There's a bed and staffing crisis in the NHS – we all deserve better

Imagine having to tell a patient living with an aneurysm that they cannot have their operation because there are no intensive care beds for them post-operatively.

If not dealt with swiftly, aortic aneurysms could rupture at any time. If that happens, only 50% of patients will reach hospital without dying and, even if they do, a further 50% of those do not survive repair. This condition is a sword of Damocles hanging over the patient.

I, and many other doctors, have had to break such news to our patients in the last few weeks. One patient I spoke to was terrified about having her surgery in the first place but had prepared herself.

So when we had to explain on the morning of the surgery that there was no ICU bed available, she was understandably distressed. She had managed to control her anxiety about the operation and come into hospital. Now she had to go home and simply hope that her aneurysm did not rupture, and she was afraid.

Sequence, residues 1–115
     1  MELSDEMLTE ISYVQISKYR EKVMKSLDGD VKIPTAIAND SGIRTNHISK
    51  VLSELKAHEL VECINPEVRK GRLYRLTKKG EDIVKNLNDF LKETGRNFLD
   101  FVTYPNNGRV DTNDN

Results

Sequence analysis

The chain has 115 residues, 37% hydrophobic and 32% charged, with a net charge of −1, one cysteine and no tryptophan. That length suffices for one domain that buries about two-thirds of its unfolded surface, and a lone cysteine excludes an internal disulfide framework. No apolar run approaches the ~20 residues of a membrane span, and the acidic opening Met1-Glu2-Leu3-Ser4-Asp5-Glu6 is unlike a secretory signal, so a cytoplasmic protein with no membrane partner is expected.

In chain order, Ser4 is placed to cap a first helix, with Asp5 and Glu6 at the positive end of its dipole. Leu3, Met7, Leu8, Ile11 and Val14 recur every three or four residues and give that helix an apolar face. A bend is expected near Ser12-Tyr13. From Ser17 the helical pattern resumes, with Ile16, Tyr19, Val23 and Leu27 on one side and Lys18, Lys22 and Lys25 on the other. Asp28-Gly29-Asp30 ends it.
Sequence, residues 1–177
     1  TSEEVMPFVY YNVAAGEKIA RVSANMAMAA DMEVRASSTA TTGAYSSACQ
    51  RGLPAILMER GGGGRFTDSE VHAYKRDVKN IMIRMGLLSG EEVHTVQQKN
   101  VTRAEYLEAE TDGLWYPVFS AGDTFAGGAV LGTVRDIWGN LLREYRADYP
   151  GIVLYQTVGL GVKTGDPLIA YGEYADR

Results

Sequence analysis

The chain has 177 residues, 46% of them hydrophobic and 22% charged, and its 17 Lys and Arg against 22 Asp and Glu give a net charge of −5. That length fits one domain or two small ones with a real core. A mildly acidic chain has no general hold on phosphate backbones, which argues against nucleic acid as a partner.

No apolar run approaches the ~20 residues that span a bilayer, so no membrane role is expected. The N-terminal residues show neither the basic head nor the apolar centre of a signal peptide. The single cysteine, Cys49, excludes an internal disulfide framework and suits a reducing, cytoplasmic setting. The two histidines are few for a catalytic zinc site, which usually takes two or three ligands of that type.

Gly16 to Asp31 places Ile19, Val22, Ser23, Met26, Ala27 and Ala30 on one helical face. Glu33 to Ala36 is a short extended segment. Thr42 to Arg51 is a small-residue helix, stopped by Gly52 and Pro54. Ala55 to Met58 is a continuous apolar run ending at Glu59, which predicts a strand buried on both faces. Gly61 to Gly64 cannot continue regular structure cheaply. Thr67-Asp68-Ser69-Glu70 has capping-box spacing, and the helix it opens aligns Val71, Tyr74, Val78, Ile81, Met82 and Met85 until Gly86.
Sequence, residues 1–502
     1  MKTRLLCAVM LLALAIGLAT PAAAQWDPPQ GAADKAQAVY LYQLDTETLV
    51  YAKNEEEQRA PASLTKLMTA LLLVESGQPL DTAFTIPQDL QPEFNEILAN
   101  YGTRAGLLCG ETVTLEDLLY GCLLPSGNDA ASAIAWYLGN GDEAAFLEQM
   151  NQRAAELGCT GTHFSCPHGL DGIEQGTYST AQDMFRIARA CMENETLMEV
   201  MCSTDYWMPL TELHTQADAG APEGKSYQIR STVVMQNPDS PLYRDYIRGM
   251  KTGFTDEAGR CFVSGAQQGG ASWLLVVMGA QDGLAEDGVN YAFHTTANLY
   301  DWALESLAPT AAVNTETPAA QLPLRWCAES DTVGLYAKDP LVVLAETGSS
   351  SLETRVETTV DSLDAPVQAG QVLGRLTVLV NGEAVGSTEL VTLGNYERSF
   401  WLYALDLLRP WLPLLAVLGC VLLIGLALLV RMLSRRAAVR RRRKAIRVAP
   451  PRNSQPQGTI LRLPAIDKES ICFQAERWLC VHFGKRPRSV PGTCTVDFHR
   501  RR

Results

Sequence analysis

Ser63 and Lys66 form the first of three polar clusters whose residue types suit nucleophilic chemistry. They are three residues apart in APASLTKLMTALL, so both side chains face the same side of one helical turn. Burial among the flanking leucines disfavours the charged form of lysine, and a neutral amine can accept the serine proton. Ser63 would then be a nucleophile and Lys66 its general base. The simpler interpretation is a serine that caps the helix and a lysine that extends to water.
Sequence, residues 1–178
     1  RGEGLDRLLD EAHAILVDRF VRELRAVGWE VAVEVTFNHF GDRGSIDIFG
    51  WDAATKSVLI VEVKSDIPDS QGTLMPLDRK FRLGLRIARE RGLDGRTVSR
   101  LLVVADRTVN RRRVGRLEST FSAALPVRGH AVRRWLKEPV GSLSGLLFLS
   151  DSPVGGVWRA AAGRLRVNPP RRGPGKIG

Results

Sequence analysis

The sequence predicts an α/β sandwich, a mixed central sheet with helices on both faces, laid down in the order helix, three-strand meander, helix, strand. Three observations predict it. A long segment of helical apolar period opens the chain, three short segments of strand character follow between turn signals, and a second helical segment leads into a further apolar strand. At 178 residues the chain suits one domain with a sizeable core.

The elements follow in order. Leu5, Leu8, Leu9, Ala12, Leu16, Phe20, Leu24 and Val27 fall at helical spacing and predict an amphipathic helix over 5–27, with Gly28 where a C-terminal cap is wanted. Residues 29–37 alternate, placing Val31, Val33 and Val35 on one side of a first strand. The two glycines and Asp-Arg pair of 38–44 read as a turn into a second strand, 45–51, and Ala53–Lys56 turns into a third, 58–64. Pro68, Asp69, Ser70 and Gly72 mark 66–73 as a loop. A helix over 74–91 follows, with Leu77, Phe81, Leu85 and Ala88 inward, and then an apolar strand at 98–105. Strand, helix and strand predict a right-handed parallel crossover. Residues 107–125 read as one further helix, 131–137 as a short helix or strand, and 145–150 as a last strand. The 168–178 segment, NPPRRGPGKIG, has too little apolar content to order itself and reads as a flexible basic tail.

The guilt and moral injury we feel as NHS staff in these circumstances is significant. These are real people with real lives: they are our patients; we care about them, and we want to be able to support them as best we can.

The impact of the Omicron variant on the NHS, and the Government’s failure to act, to properly fund our NHS and do more to support all of the staff that work for it means that more patients up and down the country will have to cope with such devastating news in the coming weeks.

Before Omicron, there were 6million people on waiting lists in England. This will likely increase hugely in the coming weeks.

Scores of hospitals declared critical incidents last week and cancelled thousands of operations. Some are ‘non-urgent’ (though try telling that to the patient waiting for a hip replacement who can barely walk because of pain) but many need surgery for life-threatening conditions like cancer and heart disease.

To make matters worse, the UK became the first European country to pass 150,000 Covid-19 deaths over the weekend. It’s been so bad that the military was brought in to support hospitals in London. 

During the waves of Covid-19, we worked punishing hours to care for patients and save lives. Hundreds of frontline staff died. Thousands more have simply left because of what they have seen and experienced.

Now, thousands of NHS staff are off sick with Covid-19 or are self-isolating. The burden on those remaining is increasing daily and becoming intolerable.